When it comes to cesarean births (a.k.a. c-sections), there’s so much that can feel unknown. Things like: “Will I need a c-section?,” “Can I breastfeed if I have a c-section?,” “What can I do and what should I avoid while I’m recovering?,” and more.
“Many people forget that a c-section is major abdominal surgery,” says Dr. Megan Pallister, OB-GYN. “With a c-section your body needs to heal from both the surgery and the pregnancy itself.”
If you’re pregnant and planning for a cesarean birth, or simply curious, read on to learn the ins and outs of c-section recovery.
What To Expect After a C-Section
It takes weeks, even months to recover fully from childbirth. Having a cesarean birth will extend this timeline. How long does it take to heal from a c-section, then? Recovery may take six to eight weeks, compared with about four to six weeks for a vaginal birth.
At the hospital: Your recovery journey begins shortly after birth. Your healthcare team will keep a close eye on your vital signs while you’re in the hospital. You also will receive medications to help with the pain and bleeding and to help prevent infection.
Once the anesthesia wears off, you will be encouraged to move about and resume your normal diet. The goal here is to help the healing process and prevent complications from the surgery. For example, drinking lots of fluids will help ease constipation. And walking around as much as possible, adding a little more each day, can prevent blood clots from forming in your legs (called deep vein thrombosis).
As long as you and your baby are doing well, you can expect to go home from the hospital two to three days after your c-section.
At home: Once you’re home, you’ll want to focus on caring for that abdominal incision. The area may feel tender, itchy, or numb as it heals—this is all normal. If your incision was closed with surgical glue or stitches, they will dissolve on their own. If your doctor used staples, they will need to be removed during a follow-up appointment. Our Soothies® C-section Recovery Pads are great to have on-hand here to help protect your incision after your stitches come out, when the wound is closed but still healing. You can use our pads about 10 days after birth (unlike a scar cream which can’t be worn until the wound is fully healed, about 6 weeks after birth). That c-section scar may not delight you at first, but with time it will fade into a fainter badge of honor.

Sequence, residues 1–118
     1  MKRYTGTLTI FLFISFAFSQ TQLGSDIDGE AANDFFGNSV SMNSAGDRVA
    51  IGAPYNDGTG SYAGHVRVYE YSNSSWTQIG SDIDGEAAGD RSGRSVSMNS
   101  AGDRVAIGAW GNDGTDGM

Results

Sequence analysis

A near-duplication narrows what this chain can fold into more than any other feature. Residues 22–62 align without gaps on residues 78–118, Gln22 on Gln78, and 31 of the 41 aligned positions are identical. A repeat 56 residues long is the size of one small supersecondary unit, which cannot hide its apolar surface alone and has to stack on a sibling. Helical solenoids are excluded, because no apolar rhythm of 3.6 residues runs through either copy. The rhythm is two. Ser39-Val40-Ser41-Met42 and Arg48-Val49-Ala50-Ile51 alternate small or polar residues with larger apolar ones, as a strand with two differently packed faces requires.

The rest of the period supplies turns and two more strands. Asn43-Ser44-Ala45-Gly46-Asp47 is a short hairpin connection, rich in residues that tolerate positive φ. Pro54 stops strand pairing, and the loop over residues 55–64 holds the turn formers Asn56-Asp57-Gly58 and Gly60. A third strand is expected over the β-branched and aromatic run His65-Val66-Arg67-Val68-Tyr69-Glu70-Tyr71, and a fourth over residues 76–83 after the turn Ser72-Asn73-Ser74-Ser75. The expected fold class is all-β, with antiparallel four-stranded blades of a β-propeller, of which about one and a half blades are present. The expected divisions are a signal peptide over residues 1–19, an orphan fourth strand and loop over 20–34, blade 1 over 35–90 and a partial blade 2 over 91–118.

For the first four to six weeks, much of your postpartum recovery will resemble that of a vaginal birth. This often surprises people, but you will experience vaginal bleeding and discharge (called lochia) as your uterus sheds its pregnancy lining. (Tip: A postpartum wash bottle comes in handy here to help with cleansing.)
You’ll have cramping as your uterus shrinks back to its pre-pregnancy shape and size. These “afterpains,” as they are often called, can feel like menstrual cramps. They may intensify during breastfeeding because nursing releases the hormone oxytocin, which triggers uterine contractions. (Tip: heat therapy is great for cramping, though you’ll want to avoid heat directly on your incision. If your incision hurts, cold therapy can be helpful!)
Plus, if you labored before having the c-section, you might also have pain in your perineum, the area between your vagina and anus. On top of this, your breasts may feel sore, even engorged, as your milk comes in and you and your little one get the hang of breastfeeding.